There’s an much-quoted, if often inexactly remembered, exchange in The Hitchiker’s Guide to the Galaxy that goes like this:
ARTHUR: This is my idea of a spaceship! All gleaming white, flashing lights, everything. What happens if I press this button? FORD: I wouldn’t... [ARTHUR presses button] ARTHUR: Oh! FORD: What happened? ARTHUR: A sign lit up saying, "Please do not press this button again."
We’ve all been there – not in a spaceship, of course, but in front of a button that made us wonder.
And we’ve all been faced with the unexpected after-effects of pressing or clicking on one of those “she’ll be right” options.
The washing machine that was working fine but now won’t even open the door to let us extract the half-washed clothes; the computer that won’t turn on at all any more, let alone reboot; the hotel room at an unbelievably low online price that came back at $375 a night after we refreshed the page.
So spare a thought for the Air Europa crew member who pressed the wrong button, metaphorically at least, while getting ready to depart on a flight from Amsterdam to Madrid yesterday afternoon.
We don’t know what they hoped the metaphorical button was for – play a welcome message, perhaps; thank the eagerly-waiting passengers for not being selfish about the overhead locker space (we can but dream!); remind everyone who’d forgotten to buy gifts for their children about the amazingly expensive range of toys available for in-flight purchase; explain the byzantine protocol for using your oxygen mask…
…but that’s not the button they actually pressed.
#AirEuropaInfo Falsa Alarma. En el vuelo Ámsterdam - Madrid, esta tarde se activó, por error, un aviso que pone en marcha protocolos sobre secuestros en el aeropuerto. No ha pasado nada, todos los pasajeros se encuentran perfectamente esperando poder volar pronto. Lo lamentamos.— Air Europa (@AirEuropa) November 6, 2019
Instead, someone – apparently the pilot – activated the secret alert that quietly sent off a message along the lines of:
Dear Schiphol Airport, Don't look now and give the game away, but we have a hostage situation here on board. Your earliest assistance would be greatly appreciated. Sincerely yours, The Crew.
The good news is that there wasn’t a problem and no one was threatened.
The even better news is that even though the mistake caused some disruption, with news reports saying that some parts of the airport were evacuated because of precautions that turned out to be unnecessary, there don’t seem to have been any damaging or lasting side-effects.
False alarms, obviously, are best avoided, not least because they breed complacency, but a system that can take even disastrous-sounding news in its stride without making the cure worse than the disease is to be applauded.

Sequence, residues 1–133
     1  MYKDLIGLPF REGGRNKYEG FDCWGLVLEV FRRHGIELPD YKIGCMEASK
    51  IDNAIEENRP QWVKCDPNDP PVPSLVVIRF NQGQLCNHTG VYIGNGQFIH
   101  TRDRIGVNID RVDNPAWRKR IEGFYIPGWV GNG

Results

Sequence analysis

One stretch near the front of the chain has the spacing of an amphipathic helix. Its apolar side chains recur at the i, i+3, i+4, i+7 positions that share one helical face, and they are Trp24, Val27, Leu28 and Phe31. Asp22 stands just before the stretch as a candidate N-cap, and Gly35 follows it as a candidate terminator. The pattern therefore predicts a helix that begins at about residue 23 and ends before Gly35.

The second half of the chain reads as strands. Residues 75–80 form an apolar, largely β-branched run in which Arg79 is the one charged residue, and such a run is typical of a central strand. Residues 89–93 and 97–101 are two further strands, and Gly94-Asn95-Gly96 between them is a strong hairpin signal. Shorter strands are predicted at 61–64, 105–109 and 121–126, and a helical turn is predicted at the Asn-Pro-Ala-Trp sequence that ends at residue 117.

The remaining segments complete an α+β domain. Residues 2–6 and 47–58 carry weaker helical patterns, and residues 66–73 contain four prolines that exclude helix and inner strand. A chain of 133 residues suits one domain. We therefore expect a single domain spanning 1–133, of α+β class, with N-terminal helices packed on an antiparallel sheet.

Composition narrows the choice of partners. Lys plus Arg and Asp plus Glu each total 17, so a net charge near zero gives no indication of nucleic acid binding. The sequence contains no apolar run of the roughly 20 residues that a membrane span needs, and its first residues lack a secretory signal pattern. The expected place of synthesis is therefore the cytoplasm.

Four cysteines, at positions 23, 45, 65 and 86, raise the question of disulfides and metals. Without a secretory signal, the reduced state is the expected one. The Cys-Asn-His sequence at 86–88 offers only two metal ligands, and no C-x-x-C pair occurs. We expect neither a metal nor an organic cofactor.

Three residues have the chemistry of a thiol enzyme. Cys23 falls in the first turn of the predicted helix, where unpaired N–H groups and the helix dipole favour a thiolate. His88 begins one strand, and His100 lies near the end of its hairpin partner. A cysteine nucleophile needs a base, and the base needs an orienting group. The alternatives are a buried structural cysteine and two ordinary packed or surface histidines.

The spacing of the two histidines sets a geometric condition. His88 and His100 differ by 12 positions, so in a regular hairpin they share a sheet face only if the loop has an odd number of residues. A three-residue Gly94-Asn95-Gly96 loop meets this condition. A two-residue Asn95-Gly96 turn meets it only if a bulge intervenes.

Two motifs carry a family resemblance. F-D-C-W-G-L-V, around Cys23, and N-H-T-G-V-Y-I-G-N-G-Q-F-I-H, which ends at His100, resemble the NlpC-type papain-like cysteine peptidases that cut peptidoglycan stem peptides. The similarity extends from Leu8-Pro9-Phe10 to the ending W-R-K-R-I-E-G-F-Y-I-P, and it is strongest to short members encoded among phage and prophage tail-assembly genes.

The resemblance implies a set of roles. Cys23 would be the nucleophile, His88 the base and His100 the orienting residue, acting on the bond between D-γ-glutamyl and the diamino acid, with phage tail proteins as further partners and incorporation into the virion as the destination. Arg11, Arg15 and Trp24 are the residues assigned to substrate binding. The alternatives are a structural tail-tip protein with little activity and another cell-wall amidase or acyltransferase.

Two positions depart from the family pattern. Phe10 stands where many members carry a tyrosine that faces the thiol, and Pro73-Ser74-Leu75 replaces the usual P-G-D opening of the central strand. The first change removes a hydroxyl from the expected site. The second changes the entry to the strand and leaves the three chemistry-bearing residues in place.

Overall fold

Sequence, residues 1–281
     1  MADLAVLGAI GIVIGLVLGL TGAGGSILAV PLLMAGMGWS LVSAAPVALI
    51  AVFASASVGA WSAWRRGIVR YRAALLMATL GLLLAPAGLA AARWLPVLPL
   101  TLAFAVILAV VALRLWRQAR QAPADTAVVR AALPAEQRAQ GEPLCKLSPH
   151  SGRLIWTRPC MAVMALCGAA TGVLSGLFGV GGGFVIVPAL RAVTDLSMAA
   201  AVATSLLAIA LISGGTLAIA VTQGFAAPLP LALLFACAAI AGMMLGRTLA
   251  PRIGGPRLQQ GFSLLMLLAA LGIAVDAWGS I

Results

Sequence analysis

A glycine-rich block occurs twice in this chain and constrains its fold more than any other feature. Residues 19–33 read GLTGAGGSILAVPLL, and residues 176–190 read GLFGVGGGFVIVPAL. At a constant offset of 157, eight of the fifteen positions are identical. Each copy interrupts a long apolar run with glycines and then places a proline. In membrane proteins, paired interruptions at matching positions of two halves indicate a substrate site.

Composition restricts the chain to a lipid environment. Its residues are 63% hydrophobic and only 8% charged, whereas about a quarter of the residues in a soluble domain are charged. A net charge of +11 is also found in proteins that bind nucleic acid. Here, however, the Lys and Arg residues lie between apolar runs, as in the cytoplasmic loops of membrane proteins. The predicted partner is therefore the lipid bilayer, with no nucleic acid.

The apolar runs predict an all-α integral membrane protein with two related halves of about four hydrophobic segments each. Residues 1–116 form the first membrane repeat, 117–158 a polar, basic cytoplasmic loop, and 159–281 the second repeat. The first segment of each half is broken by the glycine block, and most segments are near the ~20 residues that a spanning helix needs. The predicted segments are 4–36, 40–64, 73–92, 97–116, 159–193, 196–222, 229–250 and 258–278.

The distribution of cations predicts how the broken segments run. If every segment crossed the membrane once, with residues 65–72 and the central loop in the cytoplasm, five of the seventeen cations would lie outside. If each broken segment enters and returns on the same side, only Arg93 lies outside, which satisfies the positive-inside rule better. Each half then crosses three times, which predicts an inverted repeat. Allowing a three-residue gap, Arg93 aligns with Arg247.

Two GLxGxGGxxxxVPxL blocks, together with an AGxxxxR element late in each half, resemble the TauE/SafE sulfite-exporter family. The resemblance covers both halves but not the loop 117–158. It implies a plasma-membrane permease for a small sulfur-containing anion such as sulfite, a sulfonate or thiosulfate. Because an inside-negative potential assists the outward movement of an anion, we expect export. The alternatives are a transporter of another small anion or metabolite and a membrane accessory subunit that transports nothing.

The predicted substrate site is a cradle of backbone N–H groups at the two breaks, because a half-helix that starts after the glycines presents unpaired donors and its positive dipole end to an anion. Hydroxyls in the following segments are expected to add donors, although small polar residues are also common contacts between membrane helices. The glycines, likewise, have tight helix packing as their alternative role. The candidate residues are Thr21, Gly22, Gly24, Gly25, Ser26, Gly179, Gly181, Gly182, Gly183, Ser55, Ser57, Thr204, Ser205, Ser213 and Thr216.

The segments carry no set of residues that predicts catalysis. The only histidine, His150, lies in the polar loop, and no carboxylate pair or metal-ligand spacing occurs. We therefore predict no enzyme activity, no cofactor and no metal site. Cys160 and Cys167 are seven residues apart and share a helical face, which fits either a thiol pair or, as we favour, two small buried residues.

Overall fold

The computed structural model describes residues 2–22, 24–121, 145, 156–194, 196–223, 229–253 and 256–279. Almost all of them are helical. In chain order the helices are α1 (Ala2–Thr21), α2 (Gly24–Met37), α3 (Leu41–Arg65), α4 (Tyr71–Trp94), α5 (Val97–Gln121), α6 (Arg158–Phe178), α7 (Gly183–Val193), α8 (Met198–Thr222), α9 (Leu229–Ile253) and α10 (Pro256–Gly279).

This isn’t the first false attack alert in recent times – in the past two years we’ve written variously about:
- An incoming missile alert in Hawaii. In this case, the blame was placed on a computer system that put the
[Send out a real alert]button – which you’d hope never to need – and the
[Test the alert system]button – one that you’d hope would be used regularly and frequently – confusingly close together. Apparently, the button to
[Cancel an alert]was locked down against misuse to the point that the person who was able to activate the fake alert was not trusted to cancel it. This led to a 38-minute delay in rescinding the bogus warning.
- A warning in Japan saying, “North Korea Missile Alert. Take Cover.” The warning was followed five minutes later with the brief but reassuring words, “Mistake. There is no alert.”
- A hacked Nest security camera that broadcast a fake nuclear attack warning to a Californian couple. After a few minutes of panic, during which their 8-year-old son thoughtfully but ineffectively took cover under a rug, the alert parents happily realised, tellingly, that play had not stopped in the live football game on TV.
The first two fake alerts above, like the Air Europa incident, were honest mistakes, and you can imagine how they could be made even by someone with everyone’s very best interests at heart.
But the last case boggles the mind – of all the pranks that a hacker could play on a family whose home network they’d broken into, simulating a nuclear attack warning seems peculiarly and horribly heartless.
That’s one of the reasons why hacking into other people’s network is illegal even if you didn’t intend to cause trouble or to commit any further crimes.
You weren’t invited; you shouldn’t be there; it isn’t funny; and there’s too much at stake to treat any sort of computer break in as a mere prank.